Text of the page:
Rob says he and his family already felt very blessed, but one of the gifts they received at the ceremony reinforced for them how special this project was.

The Perrys received a shadow box displaying tree roots that had taken the shape of a cross. The roots were found during the ground work for the home, built on the former site of a tree nursery.

"There was definitely a plan that was put into place here," Rob says. "I don't think it was any one particular person's actions. But it really made sense that God was the meaning behind all of it. Since then, my wife and I have been debating where we're going to attend church. It's really opened up our eyes. The whole experience has been phenomenal."

Pastor Johnson said at the dedication that the home was obviously built with love, Rob says.

He adds, "And you can see it with everybody who had a hand in it - a lot of time, energy and effort put into the design of the home and the care that was put into it."

The new home is a big move for the Perrys, who had lived in an apartment and then a rental home since they moved to Carroll in February 2011. This is the first time they've owned a home.

Rob is a native of Altoona, graduated from Southeast Polk High School in 1997 and received an education degree from Drake University in Des Moines in 2001. After college, he taught junior-high math five years at St. Anthony Catholic School in Des Moines; served as operations manager for Blue Beacon, a multi-chain semi-truck wash service; and then taught intellectually and developmentally challenged children at ChildServe in Johnston.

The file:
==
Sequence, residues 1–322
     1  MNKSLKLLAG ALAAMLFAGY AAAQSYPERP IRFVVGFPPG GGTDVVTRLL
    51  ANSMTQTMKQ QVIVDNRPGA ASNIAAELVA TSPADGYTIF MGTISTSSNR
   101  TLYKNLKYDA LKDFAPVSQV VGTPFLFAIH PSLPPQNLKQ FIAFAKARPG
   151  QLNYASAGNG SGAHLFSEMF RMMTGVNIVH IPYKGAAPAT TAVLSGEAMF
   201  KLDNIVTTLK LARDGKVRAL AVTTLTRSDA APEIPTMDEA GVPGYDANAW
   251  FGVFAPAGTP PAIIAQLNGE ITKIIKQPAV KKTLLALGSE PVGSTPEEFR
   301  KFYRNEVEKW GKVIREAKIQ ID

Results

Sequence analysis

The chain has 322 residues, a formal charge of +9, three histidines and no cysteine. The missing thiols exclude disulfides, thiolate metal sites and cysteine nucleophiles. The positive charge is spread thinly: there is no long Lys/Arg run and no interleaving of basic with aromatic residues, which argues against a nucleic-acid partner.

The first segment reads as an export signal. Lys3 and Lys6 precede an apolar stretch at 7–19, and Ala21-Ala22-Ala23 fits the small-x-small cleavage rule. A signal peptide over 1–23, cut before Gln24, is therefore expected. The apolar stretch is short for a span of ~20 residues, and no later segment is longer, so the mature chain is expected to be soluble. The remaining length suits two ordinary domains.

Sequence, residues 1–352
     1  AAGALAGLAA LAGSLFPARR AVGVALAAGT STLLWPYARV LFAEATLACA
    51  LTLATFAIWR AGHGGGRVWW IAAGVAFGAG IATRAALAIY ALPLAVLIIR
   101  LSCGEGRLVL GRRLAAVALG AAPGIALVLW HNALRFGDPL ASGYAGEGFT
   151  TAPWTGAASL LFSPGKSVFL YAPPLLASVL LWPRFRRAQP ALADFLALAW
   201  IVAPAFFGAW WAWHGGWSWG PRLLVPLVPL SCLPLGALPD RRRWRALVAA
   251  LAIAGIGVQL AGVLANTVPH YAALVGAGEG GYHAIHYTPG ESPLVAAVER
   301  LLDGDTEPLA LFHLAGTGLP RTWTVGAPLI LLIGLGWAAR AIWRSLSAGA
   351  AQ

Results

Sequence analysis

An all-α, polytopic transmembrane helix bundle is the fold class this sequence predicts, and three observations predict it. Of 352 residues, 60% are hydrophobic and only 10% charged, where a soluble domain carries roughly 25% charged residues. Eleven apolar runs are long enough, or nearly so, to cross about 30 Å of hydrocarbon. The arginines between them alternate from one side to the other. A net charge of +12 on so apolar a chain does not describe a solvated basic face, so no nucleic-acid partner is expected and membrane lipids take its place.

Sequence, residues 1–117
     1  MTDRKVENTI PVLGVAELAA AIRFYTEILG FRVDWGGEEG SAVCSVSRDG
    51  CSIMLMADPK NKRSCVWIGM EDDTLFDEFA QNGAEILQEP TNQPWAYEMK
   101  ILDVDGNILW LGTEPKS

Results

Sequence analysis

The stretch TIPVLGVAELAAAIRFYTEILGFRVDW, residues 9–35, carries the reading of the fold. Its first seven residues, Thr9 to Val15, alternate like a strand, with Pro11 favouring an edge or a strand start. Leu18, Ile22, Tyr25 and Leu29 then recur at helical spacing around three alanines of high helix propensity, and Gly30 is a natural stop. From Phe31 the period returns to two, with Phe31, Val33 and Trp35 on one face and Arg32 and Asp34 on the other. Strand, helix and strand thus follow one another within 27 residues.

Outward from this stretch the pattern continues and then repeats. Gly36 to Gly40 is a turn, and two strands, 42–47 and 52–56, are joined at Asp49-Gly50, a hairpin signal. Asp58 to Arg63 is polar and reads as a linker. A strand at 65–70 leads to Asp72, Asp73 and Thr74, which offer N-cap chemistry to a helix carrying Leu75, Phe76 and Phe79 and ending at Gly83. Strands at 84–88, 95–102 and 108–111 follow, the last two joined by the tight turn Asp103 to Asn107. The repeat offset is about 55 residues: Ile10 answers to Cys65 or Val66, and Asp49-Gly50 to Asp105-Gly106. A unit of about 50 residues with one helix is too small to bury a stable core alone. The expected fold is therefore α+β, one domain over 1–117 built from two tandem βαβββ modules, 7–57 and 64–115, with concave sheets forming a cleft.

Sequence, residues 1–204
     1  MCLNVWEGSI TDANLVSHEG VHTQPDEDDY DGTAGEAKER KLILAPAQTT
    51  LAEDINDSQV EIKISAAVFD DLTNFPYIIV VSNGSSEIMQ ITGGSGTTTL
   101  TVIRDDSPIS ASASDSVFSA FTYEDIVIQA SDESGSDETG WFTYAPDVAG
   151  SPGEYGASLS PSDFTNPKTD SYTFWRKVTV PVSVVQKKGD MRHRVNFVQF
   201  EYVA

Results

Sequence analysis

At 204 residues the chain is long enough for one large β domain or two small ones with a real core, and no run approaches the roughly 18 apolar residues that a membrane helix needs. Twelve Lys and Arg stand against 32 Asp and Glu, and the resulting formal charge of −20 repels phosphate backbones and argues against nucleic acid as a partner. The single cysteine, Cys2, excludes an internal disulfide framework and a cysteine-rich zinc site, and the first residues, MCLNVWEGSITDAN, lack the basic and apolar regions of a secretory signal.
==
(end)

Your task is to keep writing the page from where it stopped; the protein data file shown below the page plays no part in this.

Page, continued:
"I just loved that field," he says of ChildServe position.

He became a residential supervisor at New Hope in Carroll in October 2010.

Brandi, a daughter of Corey Stout of Rockwell City and Kandie Stout of Grand Junction, graduated from Rockwell City-Lytton High School in 2006 and then took courses at Kaplan University in Des Moines. She works at New Hope in direct support staff.

The Perrys' children are Jamie, 5, who attends preschool at Fairview Elementary and Head Start at New Opportunities; and Kaden, 3, who attends Head Start preschool. Rob is also dad and Brandi stepmom to 11-year-old Taylor, 11, a sixth-grader in Des Moines.

The kids expressed their excitement throughout the build.

"They were saying, 'I want to see my room' even before there was any drywall up, there were just boards on the roof, the trusses were up but there was no plywood on the roof,," Rob says. "They've had ownership in it from day one. We all have."

To make their new home feel even more special, Jamie and Kaden both had the opportunity to select an accent-color wall for their bedrooms. Jamie's is magenta hot pink, since she wanted a "princess room." And Kaden's is deep blue, resembling his favorite character, Lightning McQueen, from the Disney animated movie "Cars."

The single-level home has a sandstone beige vinyl exterior. Upstairs in the approximately 1,020-square-foot home there's a large open living room/kitchen area, three bedrooms and a bathroom. The walls, ceiling, carpet, kitchen tile and countertops all feature neutral colors, such as eggshell white walls and bright white ceiling; gray, brown and tan kitchen tile, and brown and granite kitchen countertop.